Friends and relatives often avoid direct communication across the front lines, as they fear being associated with the enemy.
Many details about Filipp’s story are almost impossible to verify. It demonstrates prosecutors’ challenges in collecting evidence to bring Putin, Lvova-Belova, and other potential suspects to trial.
The Russian story of Filipp is told through This is My Child, a half-hour documentary broadcast on an ultra-nationalist television channel, complete with dramatic footage of war-ravaged Mariupol and interviews with him and his new foster mother.
He says that Ukrainian troops at some point “entered Mariupol” and threw Molotov cocktails at civilians – claims that run counter to well-established facts about one of the bloodiest chapters of Russia’s war.
The bespectacled teenager fidgets nervously with a ring on his index finger during the interview. He explains how he was sheltering in a basement of his block when the building caught fire.
“I went home,” says Filipp.
“My guardian said: ‘What are you doing here? Go back to where you came from.’ He shut the door. I knocked again. I asked for my documents. He gave them to me and I walked away.”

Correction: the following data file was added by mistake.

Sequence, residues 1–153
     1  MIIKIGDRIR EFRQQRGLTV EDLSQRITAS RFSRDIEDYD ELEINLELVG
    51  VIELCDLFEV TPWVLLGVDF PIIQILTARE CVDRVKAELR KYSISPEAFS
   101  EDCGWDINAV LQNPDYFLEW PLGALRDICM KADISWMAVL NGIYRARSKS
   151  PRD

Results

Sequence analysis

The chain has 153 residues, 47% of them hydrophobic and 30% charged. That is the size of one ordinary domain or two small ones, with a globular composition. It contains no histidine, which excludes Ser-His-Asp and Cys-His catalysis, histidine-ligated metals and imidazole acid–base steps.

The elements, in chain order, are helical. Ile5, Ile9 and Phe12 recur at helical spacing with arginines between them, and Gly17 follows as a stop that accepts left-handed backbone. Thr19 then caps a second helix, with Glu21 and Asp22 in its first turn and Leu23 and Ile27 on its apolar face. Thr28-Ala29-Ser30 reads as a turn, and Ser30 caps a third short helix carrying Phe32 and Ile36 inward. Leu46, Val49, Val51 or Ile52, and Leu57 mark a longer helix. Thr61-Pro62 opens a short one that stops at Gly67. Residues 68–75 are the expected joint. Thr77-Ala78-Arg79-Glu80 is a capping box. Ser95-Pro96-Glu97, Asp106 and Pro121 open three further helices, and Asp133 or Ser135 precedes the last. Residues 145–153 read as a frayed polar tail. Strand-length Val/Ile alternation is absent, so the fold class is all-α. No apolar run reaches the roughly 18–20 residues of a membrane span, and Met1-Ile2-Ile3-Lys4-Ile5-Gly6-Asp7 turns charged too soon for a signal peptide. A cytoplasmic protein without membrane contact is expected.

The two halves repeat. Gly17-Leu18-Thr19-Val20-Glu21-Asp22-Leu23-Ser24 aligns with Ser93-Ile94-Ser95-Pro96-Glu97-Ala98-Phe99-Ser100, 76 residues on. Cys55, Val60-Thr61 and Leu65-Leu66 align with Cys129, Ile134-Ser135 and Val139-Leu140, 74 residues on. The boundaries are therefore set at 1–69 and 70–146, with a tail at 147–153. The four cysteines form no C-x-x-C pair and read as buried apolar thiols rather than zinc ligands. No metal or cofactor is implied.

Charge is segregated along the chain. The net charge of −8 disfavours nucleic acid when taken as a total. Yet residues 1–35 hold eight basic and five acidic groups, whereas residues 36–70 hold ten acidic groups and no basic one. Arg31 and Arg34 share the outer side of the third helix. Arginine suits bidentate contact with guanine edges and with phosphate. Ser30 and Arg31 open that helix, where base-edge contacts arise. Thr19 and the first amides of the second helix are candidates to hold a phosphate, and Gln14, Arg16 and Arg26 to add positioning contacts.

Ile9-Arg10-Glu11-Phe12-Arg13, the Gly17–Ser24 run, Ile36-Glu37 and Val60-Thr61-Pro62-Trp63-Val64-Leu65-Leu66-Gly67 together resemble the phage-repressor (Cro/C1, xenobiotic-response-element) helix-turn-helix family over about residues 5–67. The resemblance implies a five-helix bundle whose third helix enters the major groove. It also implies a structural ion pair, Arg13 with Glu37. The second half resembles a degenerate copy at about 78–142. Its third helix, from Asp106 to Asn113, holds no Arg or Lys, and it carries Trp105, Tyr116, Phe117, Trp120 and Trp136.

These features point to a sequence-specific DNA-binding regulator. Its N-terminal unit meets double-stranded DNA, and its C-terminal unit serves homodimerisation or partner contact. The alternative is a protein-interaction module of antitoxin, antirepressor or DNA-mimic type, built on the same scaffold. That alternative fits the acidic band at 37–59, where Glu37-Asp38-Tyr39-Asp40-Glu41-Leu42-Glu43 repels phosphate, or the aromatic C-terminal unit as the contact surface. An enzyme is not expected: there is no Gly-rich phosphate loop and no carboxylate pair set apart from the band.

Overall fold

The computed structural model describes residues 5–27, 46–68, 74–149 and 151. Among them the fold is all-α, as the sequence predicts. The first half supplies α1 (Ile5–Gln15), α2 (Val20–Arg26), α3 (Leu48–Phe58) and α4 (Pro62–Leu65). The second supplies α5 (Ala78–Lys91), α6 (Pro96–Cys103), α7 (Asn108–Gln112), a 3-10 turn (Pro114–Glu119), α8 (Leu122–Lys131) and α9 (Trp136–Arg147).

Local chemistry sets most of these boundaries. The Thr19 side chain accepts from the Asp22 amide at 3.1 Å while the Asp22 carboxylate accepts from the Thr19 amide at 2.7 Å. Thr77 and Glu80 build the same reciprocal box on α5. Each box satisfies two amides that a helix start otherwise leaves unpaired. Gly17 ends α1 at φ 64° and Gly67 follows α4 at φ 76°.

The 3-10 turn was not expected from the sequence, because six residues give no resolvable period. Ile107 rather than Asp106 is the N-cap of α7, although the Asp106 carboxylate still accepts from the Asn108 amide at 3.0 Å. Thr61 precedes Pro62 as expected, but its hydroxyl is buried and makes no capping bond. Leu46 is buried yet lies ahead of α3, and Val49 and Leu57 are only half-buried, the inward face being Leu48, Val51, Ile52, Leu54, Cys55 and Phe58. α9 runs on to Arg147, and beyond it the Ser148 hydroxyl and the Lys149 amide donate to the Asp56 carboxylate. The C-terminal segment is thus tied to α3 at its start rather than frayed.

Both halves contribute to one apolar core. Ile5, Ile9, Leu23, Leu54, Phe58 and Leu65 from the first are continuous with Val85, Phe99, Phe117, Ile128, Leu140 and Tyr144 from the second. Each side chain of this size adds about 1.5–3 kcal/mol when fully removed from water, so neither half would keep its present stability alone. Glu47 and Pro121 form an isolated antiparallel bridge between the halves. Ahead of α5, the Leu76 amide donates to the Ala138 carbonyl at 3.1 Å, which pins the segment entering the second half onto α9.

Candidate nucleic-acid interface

The documentary then shows archive footage of scorched cars at a bombed-out location in Mariupol.
The Telegraph’s requests for telephone interviews with the boy’s guardians went unanswered.
But a friend of Irina Kalatalova, Mr Golovnya’s wife, also dismissed suggestions that the couple threw the boy out in the middle of a war.
“It’s just impossible,” Olga Tulainova told The Telegraph.
“I’ve known her most of my life. She’s not the person to do something like this.”
Ms Tulainova fled to government-controlled areas in Ukraine and has not kept in touch with Ms Kalatalova, a recurrent pattern between Ukraine’s now divided south and east.
An unnamed teacher of Filipp told Radio Free Europe’s Ukrainian this year she also doubted that Filipp’s guardians abandoned him.
The woman, who asked to be anonymous out of fear for her safety, said the boy was well taken care of in Mariupol and his foster parents were involved in the school.